I was an exchange student at Candler between fall 1998 and spring 1999, and it seems to me that in that specific period of time I came of age as a human being as well as a theologian. I built deep friendships with other students from the U.S. and Sweden that still last today. I still remember the ethics class of Professor Liz Bounds, the lectures of Archbishop Desmond Tutu, a special course on Jesus Christ in the letters of Paul with Professor Luke Timothy Johnson. Many books had to be read. And for that, one place became very special for me: a certain tree at the mumbling and burbling creek in the shades of Hahn Woods (pictured).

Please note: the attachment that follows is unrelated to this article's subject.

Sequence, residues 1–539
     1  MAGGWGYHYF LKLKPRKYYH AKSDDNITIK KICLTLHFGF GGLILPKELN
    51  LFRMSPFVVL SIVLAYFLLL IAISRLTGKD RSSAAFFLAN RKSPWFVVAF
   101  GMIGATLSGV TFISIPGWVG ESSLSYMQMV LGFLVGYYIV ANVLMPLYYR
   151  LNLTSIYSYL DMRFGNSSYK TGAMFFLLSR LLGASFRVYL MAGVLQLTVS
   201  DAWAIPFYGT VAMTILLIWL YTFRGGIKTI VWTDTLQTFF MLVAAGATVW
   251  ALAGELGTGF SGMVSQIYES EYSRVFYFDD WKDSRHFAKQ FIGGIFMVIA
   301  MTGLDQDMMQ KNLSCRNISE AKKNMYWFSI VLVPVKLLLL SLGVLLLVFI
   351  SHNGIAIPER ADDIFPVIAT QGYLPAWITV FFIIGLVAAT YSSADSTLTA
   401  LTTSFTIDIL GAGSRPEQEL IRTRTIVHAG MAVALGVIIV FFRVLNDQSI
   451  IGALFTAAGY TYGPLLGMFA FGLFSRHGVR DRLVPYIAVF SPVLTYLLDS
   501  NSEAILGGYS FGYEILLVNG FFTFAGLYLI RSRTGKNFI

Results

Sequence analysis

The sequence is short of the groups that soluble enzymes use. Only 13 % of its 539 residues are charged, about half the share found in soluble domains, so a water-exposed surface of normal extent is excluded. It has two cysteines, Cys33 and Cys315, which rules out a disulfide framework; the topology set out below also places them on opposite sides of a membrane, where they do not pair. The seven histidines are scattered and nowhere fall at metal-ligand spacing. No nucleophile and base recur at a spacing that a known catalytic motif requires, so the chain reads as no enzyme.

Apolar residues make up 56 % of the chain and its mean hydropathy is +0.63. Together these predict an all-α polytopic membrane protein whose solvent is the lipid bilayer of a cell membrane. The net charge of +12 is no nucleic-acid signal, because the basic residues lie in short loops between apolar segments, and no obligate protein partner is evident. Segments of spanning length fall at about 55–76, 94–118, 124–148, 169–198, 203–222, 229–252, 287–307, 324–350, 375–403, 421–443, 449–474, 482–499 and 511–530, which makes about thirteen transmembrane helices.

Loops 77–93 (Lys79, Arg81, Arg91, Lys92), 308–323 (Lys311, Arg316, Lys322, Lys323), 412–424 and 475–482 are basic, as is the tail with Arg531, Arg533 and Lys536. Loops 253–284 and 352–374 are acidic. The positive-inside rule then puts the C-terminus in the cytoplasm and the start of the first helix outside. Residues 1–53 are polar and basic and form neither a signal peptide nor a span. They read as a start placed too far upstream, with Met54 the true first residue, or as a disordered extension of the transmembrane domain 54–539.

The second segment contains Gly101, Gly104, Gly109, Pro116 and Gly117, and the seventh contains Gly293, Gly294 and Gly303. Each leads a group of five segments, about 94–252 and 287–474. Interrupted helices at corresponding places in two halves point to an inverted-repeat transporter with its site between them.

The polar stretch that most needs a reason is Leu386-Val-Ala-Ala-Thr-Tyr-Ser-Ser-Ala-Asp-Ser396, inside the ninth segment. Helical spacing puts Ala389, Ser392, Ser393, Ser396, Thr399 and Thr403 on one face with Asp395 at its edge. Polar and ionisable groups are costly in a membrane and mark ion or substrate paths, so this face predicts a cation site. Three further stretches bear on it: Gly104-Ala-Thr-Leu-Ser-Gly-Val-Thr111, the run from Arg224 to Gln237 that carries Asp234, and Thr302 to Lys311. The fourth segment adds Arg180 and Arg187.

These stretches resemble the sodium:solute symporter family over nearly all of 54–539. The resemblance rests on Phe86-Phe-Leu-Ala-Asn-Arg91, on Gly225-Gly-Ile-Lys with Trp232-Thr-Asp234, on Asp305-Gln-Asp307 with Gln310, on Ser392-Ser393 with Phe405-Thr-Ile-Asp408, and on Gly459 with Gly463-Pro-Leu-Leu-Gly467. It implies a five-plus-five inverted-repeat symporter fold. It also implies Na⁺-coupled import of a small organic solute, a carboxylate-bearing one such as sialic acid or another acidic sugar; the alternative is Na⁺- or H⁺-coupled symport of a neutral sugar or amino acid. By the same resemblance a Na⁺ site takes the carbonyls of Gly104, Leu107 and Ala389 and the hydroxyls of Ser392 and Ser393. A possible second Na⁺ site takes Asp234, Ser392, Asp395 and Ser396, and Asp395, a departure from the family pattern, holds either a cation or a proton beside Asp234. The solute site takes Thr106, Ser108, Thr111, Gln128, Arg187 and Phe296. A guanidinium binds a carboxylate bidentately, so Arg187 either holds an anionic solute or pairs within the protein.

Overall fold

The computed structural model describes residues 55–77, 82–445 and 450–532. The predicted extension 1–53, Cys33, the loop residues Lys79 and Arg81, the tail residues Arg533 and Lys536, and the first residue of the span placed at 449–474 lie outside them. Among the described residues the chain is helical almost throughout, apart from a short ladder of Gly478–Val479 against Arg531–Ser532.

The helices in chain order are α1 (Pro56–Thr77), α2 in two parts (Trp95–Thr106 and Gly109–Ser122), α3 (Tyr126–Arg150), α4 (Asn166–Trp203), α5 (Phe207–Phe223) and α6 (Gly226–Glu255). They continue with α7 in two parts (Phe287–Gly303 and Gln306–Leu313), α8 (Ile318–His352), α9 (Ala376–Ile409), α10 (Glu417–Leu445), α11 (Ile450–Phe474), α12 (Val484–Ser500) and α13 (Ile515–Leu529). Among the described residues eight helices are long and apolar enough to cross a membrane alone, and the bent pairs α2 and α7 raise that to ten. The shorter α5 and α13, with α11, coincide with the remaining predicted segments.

It was Ted Runyon who had shown me Hahn Woods at the beginning of my Candler year, and very often I used this place to immerse myself—not in the creek, but rather in the thoughts and intellectual worlds of Sören Kierkegaard, Peter Singer, or Paul himself, sitting by the side of the cooling waters.

A few years ago, during a research stay for my doctoral thesis, I revisited Candler, and also Hahn Woods. Sadly, my tree had been felled in the years between. Still, sometimes when I think of my readings back then, or when I turn a page in my Greek New Testament, I can hear a distinctive burbling, soft and low, and refreshing.

Thank you, Candler! And thank you, Ted!